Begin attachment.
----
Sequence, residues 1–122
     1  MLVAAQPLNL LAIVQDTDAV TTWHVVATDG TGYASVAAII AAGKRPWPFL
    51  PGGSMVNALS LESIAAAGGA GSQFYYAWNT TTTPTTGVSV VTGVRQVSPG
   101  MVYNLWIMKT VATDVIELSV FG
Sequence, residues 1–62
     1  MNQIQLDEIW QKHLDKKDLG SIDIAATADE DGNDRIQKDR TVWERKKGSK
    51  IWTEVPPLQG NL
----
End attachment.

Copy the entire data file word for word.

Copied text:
Sequence, residues 1–122
     1  MLVAAQPLNL LAIVQDTDAV TTWHVVATDG TGYASVAAII AAGKRPWPFL
    51  PGGSMVNALS LESIAAAGGA GSQFYYAWNT TTTPTTGVSV VTGVRQVSPG
   101  MVYNLWIMKT VATDVIELSV FG
Sequence, residues 1–62
     1  MNQIQLDEIW QKHLDKKDLG SIDIAATADE DGNDRIQKDR TVWERKKGSK
    51  IWTEVPPLQG NL